how do you write a stand in an essay
how do you write a stand in an essay
Persuasive writing is a fixture of modern life—found in advertising, newspaper editorials, blogs, and political speeches. Often persuasive writing assignments and test prompts concern contemporary issues, for example: “The school board is debating on whether or not to ban cell phone use in school. Write an essay convincing the board to adopt your position.” As shown in this persuasive writing prompt, the main purpose is not to inform, but to “persuade” or “convince” an audience (the school board) to think or act a certain way.
- Choose a position. Students should think about the issue and pick the side they wish to advocate.
- Understand the audience. In order to write an effective persuasive essay, the writer must understand the reader’s perspective. Is the reader undecided or inclined to favor one side or the other?
- Do the research. A persuasive essay depends upon solid, convincing evidence. Don’t rely on a single source. Pull information from multiple websites and reference materials. Speak with community experts and teachers. Read and take notes. There is no substitute for knowledge of both sides of the issue.
- Identify the most convincing evidence, as well as the key points for the opposing view.
Transitions signal relationships between ideas. Basically, transitions provide the reader with directions for how to piece together your ideas into a logically coherent argument. They are words with particular meanings that tell the reader to think and react in a particular way to your ideas. In providing the reader with these important cues, transitions help readers understand the logic of how your ideas fit together.
Library catalogue, Canadian Research Index, Government web sites
Topic–Identifying a Controversial Issue
Make sure your topic is not already overly argued by other people.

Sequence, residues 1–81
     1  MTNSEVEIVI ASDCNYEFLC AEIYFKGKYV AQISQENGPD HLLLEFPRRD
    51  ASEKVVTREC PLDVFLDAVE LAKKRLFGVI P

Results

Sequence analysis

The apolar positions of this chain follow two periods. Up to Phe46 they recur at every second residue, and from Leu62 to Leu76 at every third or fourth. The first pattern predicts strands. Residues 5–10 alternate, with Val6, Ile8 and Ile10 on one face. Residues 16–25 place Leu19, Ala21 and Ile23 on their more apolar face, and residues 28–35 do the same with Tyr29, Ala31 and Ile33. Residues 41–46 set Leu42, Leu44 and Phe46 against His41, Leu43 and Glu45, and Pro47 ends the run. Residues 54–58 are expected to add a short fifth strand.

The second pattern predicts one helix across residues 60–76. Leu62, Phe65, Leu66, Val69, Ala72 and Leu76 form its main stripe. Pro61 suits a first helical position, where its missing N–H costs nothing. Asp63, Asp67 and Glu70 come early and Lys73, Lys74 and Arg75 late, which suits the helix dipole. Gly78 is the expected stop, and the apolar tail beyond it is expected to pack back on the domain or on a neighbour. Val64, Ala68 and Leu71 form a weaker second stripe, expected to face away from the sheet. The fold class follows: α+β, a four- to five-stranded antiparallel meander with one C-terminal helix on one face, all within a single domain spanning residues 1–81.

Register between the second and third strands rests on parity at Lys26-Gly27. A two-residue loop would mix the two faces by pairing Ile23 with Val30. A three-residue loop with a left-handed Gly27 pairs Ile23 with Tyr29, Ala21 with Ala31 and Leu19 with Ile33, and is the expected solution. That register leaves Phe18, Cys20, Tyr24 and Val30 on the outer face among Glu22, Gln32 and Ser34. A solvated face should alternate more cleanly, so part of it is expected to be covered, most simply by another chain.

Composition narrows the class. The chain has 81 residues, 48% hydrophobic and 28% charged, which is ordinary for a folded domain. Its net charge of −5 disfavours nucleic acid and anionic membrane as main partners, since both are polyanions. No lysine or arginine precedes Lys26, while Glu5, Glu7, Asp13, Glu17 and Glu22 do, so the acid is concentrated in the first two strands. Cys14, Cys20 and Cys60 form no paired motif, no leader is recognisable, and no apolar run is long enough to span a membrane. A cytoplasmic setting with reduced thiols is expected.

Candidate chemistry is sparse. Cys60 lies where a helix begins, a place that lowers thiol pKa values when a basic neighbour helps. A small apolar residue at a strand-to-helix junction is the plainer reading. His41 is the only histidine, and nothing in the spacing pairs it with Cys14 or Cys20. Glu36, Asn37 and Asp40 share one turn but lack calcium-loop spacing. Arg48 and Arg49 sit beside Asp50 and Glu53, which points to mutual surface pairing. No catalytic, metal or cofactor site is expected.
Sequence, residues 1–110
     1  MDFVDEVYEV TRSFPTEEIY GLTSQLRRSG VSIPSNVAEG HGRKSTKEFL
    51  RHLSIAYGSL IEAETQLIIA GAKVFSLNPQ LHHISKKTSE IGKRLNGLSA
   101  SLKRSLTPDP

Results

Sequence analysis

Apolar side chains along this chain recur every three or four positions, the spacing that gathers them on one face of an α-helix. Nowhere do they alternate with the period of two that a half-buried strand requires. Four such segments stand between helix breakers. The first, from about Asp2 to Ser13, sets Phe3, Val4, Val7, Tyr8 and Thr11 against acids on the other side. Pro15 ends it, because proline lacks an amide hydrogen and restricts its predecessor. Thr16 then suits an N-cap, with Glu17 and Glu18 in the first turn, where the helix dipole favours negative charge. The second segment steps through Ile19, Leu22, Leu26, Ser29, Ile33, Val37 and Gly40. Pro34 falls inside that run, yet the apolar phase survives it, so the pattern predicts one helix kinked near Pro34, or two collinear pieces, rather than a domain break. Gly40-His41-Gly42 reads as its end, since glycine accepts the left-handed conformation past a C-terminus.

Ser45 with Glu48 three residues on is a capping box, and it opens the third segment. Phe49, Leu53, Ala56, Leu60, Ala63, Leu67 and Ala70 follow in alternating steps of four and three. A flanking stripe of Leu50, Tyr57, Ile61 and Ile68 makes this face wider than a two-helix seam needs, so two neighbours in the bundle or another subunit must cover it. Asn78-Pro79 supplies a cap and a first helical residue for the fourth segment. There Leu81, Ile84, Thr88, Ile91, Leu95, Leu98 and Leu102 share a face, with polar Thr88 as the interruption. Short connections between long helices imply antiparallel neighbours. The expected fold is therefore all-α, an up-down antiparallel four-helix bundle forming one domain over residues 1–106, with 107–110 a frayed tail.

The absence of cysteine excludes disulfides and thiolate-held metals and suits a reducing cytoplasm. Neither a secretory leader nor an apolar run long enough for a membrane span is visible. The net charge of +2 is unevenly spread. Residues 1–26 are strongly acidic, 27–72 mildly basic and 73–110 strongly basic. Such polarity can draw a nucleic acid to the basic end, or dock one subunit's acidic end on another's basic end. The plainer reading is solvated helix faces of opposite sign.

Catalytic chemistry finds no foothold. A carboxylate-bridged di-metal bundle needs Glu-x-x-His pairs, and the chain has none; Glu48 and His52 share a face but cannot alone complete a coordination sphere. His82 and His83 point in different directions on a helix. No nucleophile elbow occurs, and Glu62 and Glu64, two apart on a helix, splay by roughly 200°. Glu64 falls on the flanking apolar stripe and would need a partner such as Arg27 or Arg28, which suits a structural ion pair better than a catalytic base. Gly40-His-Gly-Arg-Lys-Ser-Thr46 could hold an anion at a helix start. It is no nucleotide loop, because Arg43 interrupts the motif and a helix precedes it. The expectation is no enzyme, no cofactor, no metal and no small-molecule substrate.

Topics such as “abortion” or “the death penalty” might yield easy arguments, but they have been argued so much that it’s very hard to come up with anything new to say about them. Unless you have something really unique and original to contribute to such topics, I’d strongly recommend that you avoid such topics.
The specified size of the essay is, unless otherwise stated, under the +-10% rule. That is, the entire text should not be shorter or longer than the suggested size with more than 10% of that size. Ex: for a 3000 words essay, it is acceptable to write 2700-3300 words. Use the Word’s Word Count function to see the size of your essay measured in words.
Even when assigned, the topics on which the essay should be written are generally quite broad, allowing the narrowing of the topic. You should first do some research and try to get an idea about what has been written on the topic so far. Most often, your essay will build on, analyse or criticize one or more pieces of work, while building an own position.
Regardless of the type of paper, a successful thesis statement should highlight the topic and related subtopics. The thesis should address ideas included in the overall paper, explain what will be tackled in the essay, and appear at (or near) the end of the introductory paragraph. The idea of the thesis statement is to help a reader understand what the document addresses. The thesis statement provides guidance for the reader throughout the essay (kind of like a map) and may answer the research question that inspired the paper. It is written as a single sentence, unless leading a particularly long or complicated essay.
Many times, the initial thesis statement becomes a “working thesis” and is revised throughout the drafting and revision stages of constructing the document. Assuring one’s thesis is able to convey what the paper will prove, discuss or (attempt to) persuade the reader is very important when finalizing the statement.